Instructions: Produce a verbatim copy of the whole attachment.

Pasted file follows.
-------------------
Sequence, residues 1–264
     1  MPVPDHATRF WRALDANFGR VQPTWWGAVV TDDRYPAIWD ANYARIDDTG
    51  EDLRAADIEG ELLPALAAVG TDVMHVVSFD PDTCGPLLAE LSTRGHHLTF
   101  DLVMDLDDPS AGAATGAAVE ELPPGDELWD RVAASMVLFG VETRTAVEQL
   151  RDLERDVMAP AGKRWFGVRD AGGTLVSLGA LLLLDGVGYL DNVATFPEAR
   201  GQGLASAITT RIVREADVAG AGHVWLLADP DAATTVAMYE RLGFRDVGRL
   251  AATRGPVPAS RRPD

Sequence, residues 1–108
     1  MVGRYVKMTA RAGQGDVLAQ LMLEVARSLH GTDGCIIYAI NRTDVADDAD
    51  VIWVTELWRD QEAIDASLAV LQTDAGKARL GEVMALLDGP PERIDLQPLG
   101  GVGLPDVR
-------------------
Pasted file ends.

Sequence, residues 1–264
     1  MPVPDHATRF WRALDANFGR VQPTWWGAVV TDDRYPAIWD ANYARIDDTG
    51  EDLRAADIEG ELLPALAAVG TDVMHVVSFD PDTCGPLLAE LSTRGHHLTF
   101  DLVMDLDDPS AGAATGAAVE ELPPGDELWD RVAASMVLFG VETRTAVEQL
   151  RDLERDVMAP AGKRWFGVRD AGGTLVSLGA LLLLDGVGYL DNVATFPEAR
   201  GQGLASAITT RIVREADVAG AGHVWLLADP DAATTVAMYE RLGFRDVGRL
   251  AATRGPVPAS RRPD

Sequence, residues 1–108
     1  MVGRYVKMTA RAGQGDVLAQ LMLEVARSLH GTDGCIIYAI NRTDVADDAD
    51  VIWVTELWRD QEAIDASLAV LQTDAGKARL GEVMALLDGP PERIDLQPLG
   101  GVGLPDVR